So here is my recommendation to those of us who wish someone else to do the oil changes: Have the tech add only 4 quarts with an oil and filter change. If they insist on the 5th quart because it calls for 4.4 quarts in the service manual, ask to have them leave the 5th quart in the car, and you will top off as necessary. Always check oil before leaving the premises so any overfill will be caught early.
    ..... or do the change yourself!!:rockon:

    Lee
     
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  7. devious1

    devious1 Tigers love pepper...

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    --

    Lee,

    Did this happen at Modesto Toyota? If so, who was your service advisor. Please PM me if you'd prefer.

    BTW, I have horror stories about both Modesto Toyota and Toyota Town (Stockton).

    Thanks,.

    Ed

    Thanks.

    Ed
     
  8. Celtic Blue

    Celtic Blue New Member

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    WRONG

    It is NOT underfilled. It is in fact in the middle of the required fill range. Underfilled would be if it was allowed to fall below the bottom mark on the dipstick. An underfill would come at somewhere around 2 quarts.

    Repeat after me: THERE IS NO SPECIFIC FILL QUANTITY. Instead the fill quantity should be in a range that puts the level between the over/under fill marks on the dipstick. There is some logic to keeping it in the middle/upper half of that range.

    I target about half way and an integer increment on the oil quantity. That makes it easy for all involved.

    Seems a waste of money to throw away an extra quart of synthetic every oil change, risk loss of warranty coverage, get lower gas mileage, and risk maintenance issues from an overfill. But, hey, whatever floats your boat.

    Gotta source for that? I've heard a lot of dealers/service depts./helplines tell me that they've "never heard of X" being a problem when in fact it was a known issue. Sometimes it was the 2nd or 3rd time I had seen the exact same failure or reported the problem...

    We know that there have been oil ingestion problems from overfills. They have been reported here before. If the engine was damaged from a dealer overfill I doubt the dealer would rush to tell you. They would be more likely to call it a failure by Toyota.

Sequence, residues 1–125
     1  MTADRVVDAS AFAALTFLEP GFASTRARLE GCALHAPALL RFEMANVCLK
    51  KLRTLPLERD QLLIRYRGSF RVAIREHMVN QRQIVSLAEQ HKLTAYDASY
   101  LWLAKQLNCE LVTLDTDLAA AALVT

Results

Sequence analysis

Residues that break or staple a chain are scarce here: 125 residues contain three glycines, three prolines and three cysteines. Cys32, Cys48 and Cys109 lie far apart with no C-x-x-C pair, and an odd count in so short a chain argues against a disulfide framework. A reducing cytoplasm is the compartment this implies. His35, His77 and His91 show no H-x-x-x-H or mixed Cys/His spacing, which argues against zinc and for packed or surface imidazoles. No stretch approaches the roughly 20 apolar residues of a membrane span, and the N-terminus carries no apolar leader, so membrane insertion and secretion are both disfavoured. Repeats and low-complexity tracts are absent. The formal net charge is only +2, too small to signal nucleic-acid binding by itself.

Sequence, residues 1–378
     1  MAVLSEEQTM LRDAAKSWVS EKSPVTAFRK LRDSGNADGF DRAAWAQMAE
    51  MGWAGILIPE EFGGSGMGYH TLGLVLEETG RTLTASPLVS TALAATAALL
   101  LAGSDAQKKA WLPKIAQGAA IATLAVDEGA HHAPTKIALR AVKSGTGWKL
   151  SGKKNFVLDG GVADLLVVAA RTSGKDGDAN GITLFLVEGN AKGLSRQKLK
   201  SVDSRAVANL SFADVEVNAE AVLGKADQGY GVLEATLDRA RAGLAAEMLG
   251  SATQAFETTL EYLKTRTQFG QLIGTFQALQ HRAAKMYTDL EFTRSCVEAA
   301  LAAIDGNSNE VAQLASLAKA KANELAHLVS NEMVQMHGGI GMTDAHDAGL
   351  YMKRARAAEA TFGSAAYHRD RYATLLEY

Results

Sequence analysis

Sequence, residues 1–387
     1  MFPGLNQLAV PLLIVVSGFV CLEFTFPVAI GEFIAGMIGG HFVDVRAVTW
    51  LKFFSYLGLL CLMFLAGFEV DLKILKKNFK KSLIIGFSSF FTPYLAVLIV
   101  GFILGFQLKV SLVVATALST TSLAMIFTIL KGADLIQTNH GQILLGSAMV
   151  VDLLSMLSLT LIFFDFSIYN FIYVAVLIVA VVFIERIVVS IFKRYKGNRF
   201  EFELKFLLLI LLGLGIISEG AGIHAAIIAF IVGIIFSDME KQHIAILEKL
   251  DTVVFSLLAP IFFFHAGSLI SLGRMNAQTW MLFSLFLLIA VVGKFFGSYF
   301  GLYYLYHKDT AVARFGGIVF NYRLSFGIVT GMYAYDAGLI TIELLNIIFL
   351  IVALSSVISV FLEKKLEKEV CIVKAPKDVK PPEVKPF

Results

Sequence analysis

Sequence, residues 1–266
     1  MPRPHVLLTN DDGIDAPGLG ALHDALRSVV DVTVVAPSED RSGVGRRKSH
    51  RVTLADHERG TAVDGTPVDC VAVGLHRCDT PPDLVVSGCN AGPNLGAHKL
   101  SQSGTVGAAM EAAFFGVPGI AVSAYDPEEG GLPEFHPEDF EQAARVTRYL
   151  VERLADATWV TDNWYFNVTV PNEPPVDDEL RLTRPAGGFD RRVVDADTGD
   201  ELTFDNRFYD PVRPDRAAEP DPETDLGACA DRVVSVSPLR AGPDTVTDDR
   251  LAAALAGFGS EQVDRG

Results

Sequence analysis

Even more interesting is the fact that if your oil if overfilled they can deny you warranty coverage if some internal engine problems develop. And if you overfill it yourself using Toyota's recommended quantity and get some oil ingestion, then you get to pay for the consequences.

    If you are getting more oil aspirated due to overfill, your catalytic converter and emissions sensors will likely fail sooner--and on your dime.

    I can tell you that my mileage improved when I went to center of the target range.
     
  9. Mike Dimmick

    Mike Dimmick Active Member

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    The Prius is a wet sump, there is no oil pan that oil flows into and out of as the engine is stopped and started. The bottom of the crankshaft is very close to the top of the oil when it is cold and the oil expands as it heats. Too much oil and the crankshaft starts to drag in the oil.

    Hobbit's helpful picture:

    [​IMG]

    Brown area: normal. Red area: overfilled.

    No, you don't underfill the oil. You make sure it is between the low and MAX marks on the dipstick when measuring with the proper procedure - run it fully up to temperature, switch off, allow five minutes for oil to return to the sump, check the level. To check the level, remove the dipstick, wipe it clean with a rag or paper towel (lint-free if possible), return it fully home and pull it back out. If you do this properly there shouldn't be much difference in the level around the stick and no confusion about what the level is.

    It's not hard to work out that if the level is above maximum, there's too much oil in it. Likewise if it's below
    minimum, there isn't enough.

    Maybe in the past, the seals were very leaky and a big range between maximum and minimum was necessary. Now, the seals are very good and there's nearly no oil consumption. Overfilling is more likely to damage the seals with excess oil pressure.
     
  10. paulemus

    paulemus New Member

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    Once we got a $500 bill for replacing oil seals on a Tercel. I think it was from overfilling by Jiffylube where my wife took it.
    For my Gen2 Prius, I had a free oil change at the dealer, and kept an eye on the technician who was, sure enought, going to overfill it. Since then I always did it myself with synthetic oil. It was a little bit of a tight reach because of ground clearance. Don't know about my Gen3 yet.